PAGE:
One Sunday morning during church, I was standing around bouncing my fussy premature baby around the cry room. This room is special—a place for nursing moms and moms with young kids to watch the live sermon on a monitor. I wasn’t alone, two other moms sat on the couches, and we were all chatting. A beautiful but tired mom sat with her little girl snuggled in her arms, gazing at the lights.
“She’s so chill. She’s like this all the time, much easier than my other son.”
I looked over at her with big eyes and a laugh, “I’m jealous! My baby is so challenging!”
This poor mother’s face fell as she apologized. I reassured her I wasn’t mad; in fact, I was thrilled her daughter was going easy on her. I know what it’s like to have the difficult one, and a calm, quiet baby sounds like every mother’s dream.
It’s been 15 months with my once-premie baby who has now grown but still cranks up the scream machine quite a bit. She is vocal, opinionated, needy, and quick to express her very strong thoughts. It has driven me to tears so many times I have lost count.
She is a difficult child.
The challenge started when she was born one month early and hasn’t really ended. Sickness has plagued her little life, and she has struggled against everything from drinking milk in those early days to stranger anxiety, ear infections, and even riding in a car seat. It’s a daily battle to not only take care of her needs but figure out what is triggering another outburst.
The other day it was 11 a.m. and I was trying to keep both her and her 2-year-old sister busy until lunchtime. I knew if I could hold them both out until after 12 p.m., they would get better naps.
But she was all over me fussing and arching her back and throwing her hands up to the sky as if to say, “Why me Lord? I am thy servant who suffereth.”
Well, we were both suffering. I didn’t know what to do with her.
We played for a little while, but she was still so miserable. I got out a bucket of ice for them to play with, hoping she would use it to press onto her achy teething gums. She did for about five seconds and then continued to whine and cry.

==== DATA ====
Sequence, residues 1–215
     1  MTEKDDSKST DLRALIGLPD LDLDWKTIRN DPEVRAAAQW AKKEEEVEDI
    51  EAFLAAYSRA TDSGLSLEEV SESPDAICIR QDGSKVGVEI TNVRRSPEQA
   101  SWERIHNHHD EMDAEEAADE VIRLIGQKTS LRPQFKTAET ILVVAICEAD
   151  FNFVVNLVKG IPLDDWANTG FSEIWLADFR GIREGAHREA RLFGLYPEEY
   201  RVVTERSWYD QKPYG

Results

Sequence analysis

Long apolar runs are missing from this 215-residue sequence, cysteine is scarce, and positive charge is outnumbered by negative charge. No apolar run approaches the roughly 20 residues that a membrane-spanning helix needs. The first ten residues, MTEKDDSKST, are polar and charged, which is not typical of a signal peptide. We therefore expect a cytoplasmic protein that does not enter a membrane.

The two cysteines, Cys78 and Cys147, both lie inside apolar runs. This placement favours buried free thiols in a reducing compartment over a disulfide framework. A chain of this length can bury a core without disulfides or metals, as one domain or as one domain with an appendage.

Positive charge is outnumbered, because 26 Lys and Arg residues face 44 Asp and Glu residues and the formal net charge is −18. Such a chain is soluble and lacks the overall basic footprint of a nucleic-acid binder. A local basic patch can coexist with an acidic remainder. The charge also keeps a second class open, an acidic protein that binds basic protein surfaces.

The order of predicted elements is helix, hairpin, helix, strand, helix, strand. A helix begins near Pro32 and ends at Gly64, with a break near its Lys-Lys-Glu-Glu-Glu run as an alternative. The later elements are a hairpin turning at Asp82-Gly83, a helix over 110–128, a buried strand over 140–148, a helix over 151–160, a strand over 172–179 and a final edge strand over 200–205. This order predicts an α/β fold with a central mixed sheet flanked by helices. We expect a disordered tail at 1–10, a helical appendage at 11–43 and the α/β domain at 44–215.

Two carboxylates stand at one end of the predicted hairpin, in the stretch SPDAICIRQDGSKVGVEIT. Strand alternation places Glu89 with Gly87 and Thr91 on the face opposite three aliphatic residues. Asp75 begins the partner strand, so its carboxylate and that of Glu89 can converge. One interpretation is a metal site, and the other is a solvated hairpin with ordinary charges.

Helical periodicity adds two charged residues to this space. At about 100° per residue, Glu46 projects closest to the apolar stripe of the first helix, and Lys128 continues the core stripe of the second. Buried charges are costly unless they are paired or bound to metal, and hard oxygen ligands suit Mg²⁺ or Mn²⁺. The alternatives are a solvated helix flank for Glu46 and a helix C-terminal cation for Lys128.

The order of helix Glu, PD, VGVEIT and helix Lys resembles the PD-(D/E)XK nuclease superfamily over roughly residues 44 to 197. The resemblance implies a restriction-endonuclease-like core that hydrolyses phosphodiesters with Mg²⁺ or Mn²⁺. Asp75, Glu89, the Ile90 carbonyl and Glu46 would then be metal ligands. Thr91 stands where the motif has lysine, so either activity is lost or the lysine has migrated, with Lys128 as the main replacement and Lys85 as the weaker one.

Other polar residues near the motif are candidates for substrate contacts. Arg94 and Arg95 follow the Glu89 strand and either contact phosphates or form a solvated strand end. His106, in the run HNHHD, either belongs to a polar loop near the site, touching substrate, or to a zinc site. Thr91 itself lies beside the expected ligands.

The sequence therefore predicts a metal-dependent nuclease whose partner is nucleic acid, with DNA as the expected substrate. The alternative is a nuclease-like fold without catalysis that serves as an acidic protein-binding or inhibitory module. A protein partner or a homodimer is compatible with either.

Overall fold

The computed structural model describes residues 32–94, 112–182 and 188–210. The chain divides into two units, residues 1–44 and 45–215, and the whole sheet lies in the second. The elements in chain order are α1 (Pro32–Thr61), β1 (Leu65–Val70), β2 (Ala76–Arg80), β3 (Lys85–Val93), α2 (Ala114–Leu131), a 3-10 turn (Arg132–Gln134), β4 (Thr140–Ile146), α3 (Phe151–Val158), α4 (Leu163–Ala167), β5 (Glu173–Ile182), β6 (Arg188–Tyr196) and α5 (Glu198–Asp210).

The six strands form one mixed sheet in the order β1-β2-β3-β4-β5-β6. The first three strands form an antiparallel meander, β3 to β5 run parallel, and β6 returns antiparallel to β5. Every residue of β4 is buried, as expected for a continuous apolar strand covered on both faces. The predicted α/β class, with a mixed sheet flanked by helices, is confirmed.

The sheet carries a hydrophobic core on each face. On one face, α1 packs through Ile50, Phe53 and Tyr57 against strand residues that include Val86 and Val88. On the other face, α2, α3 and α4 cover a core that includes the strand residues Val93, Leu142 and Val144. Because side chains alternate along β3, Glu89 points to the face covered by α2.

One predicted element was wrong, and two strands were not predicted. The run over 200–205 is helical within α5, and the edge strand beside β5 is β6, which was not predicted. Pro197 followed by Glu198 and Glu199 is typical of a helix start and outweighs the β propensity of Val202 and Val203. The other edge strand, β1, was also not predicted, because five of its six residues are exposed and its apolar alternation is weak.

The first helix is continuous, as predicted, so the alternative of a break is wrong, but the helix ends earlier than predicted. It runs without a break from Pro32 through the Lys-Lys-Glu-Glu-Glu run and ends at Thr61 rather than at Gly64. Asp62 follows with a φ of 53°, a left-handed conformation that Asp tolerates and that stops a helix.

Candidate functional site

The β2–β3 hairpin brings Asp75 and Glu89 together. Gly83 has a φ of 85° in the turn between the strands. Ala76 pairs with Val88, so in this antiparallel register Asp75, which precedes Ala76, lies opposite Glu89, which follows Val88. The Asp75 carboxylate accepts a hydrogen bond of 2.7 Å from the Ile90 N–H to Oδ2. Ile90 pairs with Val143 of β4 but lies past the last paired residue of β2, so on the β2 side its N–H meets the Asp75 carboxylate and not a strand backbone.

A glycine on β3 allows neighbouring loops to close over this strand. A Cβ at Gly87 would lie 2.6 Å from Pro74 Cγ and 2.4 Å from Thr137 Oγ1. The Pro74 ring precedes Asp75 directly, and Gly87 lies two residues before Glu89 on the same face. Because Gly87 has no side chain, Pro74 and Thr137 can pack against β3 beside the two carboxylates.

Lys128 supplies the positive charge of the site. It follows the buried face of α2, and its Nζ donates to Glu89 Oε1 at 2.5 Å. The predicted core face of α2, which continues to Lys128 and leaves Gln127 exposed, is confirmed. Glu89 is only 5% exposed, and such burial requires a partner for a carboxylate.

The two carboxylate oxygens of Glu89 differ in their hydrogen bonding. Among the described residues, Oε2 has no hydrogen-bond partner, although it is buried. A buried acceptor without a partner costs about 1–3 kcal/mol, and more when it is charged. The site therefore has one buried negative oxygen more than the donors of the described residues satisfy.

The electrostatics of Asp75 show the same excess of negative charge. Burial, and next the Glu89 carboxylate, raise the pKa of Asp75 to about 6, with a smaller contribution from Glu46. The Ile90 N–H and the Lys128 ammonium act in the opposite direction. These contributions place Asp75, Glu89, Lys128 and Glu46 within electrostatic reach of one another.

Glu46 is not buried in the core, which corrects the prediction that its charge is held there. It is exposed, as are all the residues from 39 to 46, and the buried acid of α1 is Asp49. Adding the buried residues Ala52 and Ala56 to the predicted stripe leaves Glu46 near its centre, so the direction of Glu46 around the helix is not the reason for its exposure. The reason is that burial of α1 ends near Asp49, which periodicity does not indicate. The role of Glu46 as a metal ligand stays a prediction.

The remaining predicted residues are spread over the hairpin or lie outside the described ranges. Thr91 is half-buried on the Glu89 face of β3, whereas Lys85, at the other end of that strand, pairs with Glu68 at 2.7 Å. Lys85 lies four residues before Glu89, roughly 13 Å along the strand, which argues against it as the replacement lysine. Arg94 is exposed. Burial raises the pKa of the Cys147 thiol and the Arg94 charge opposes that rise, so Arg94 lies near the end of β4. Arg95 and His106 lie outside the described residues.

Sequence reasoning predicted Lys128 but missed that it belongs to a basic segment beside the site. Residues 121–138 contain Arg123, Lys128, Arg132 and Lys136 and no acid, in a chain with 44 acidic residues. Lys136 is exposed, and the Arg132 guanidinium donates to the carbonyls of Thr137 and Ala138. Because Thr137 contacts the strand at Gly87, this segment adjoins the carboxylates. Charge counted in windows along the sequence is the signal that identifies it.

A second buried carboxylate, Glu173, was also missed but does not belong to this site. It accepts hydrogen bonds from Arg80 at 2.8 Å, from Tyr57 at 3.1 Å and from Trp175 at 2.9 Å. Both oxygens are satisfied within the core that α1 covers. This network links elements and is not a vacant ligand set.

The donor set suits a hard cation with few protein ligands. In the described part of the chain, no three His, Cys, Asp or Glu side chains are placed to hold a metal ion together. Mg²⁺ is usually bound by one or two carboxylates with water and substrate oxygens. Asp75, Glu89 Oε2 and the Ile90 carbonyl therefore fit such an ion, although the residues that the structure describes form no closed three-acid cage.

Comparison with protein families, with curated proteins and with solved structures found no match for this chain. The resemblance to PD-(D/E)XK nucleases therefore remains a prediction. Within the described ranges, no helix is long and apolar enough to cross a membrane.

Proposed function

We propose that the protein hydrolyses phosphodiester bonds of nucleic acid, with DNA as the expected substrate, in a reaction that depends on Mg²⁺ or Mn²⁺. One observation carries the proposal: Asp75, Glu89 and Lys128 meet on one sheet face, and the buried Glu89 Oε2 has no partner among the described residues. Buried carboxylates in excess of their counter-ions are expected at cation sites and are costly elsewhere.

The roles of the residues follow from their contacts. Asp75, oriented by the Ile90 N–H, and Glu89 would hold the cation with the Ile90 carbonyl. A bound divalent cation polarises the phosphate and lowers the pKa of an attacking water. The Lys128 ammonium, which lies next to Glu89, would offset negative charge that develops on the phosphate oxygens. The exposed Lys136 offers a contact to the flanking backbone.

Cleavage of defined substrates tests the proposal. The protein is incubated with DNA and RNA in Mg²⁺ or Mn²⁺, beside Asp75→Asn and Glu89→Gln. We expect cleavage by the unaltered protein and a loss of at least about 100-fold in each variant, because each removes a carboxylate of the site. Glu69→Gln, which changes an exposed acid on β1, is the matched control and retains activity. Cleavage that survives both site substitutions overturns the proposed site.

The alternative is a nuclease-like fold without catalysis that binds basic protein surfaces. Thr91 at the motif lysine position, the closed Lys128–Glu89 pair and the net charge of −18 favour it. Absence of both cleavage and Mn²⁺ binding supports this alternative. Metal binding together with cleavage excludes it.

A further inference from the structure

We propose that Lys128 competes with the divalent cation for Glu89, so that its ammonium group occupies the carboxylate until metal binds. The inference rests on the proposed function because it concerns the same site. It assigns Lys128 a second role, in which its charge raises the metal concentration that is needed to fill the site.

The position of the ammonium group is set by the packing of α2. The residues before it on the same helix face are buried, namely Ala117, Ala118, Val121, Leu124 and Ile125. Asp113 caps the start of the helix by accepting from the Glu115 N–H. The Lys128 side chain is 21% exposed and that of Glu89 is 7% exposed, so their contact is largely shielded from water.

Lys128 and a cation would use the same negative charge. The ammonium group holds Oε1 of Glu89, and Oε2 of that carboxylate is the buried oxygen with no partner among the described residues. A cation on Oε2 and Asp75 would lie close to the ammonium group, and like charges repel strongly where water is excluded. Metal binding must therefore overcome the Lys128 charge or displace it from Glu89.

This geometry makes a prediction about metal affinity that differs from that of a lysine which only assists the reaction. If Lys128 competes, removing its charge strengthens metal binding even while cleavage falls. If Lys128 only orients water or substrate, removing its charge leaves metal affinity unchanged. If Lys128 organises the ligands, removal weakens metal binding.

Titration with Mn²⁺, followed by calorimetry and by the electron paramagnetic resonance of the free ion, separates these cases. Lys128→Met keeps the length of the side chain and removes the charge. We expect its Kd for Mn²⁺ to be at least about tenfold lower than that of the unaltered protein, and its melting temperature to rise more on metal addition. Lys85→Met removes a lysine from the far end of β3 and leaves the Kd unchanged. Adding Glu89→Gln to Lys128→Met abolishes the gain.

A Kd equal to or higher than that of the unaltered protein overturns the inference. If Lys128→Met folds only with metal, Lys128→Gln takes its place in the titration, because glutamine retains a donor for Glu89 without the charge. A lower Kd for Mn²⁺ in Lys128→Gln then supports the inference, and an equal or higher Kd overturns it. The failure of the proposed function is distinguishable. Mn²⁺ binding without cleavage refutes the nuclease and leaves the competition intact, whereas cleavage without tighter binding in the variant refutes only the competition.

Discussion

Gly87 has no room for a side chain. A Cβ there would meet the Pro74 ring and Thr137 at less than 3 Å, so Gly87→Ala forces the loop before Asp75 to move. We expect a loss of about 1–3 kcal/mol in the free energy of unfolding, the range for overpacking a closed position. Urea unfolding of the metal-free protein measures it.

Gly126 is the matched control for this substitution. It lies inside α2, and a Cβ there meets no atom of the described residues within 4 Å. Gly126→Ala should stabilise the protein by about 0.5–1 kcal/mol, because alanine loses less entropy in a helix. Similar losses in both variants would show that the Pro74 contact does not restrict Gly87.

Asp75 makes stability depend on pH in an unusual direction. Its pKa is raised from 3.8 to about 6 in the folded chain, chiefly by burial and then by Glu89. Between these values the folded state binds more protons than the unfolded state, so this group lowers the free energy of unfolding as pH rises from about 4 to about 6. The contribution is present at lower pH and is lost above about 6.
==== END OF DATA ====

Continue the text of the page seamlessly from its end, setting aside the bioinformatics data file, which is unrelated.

In these moments, I want to quit. I want to put her in bed and walk away. But I knew that wasn’t the solution, and I had to press on. My big girl was behaving, so with that appreciation in mind, I bolstered the strength to try an early lunch.
It’s easy to feel like we should know everything about our kids. When we feel clueless about their needs, it feels strange. At that moment, I knew she was tired and hungry and teething with three teeth, but I couldn’t read her mind. Every mom can rest and relax in the fact that we may not know what our difficult kids need or want every second of the day, and that’s okay.
We don’t have to know everything in order to be the best mom for our kids. We already are.
I ran inside to grab peanut butter sandwiches, yogurt, and hard-boiled eggs. My big girl was so excited about the eggs that she ate her sandwich quickly so she could eat those next. The baby struggled in my arms, but once the yogurt was doled up on a spoon, she was thrilled.
We spent the next half hour playing with neon-colored stencils shaped like animals. My 2-year-old was using her imagination more than I had ever seen, and my little peanut sat in my lap, and we clapped and sang and squished each other’s cheeks. Her smile told me how much she was enjoying our face-to-face time.
And then as if magic happened, we made it to nap time.
As I walked my big girl inside and carried the baby to her crib, I thought, What if I had given up and put her to bed early in frustration?
If I had listened to my doubting self that told me giving up would be easier, I would have missed the cheek-squeezing. If I had strapped them in for an ordinary lunch inside, I would have missed my baby’s pure joy for the yogurt I fed her bite after bite—her mouth agape in gleeful anticipation.
Life is not made up of big chunks of time, years, or even heavy decisions.
Life is made up of moments.
One inhale of breath, tiny minuscule moments that fly away when you blink.
Sometimes I feel so incompetent in my motherhood that I do want to quit. Or run away. Or believe the lie that I’m not God’s best choice for these girls.
But the imaginative 2-year-old and squirmy 1-year-old who just needed some old-fashioned quality time tell me otherwise.
I am the best mom for them. Yes, they are challenging. Yes, they test me. But I feed them hard-boiled eggs and sandwiches, and I have been faithfully by their sides since birth.
I am not going anywhere.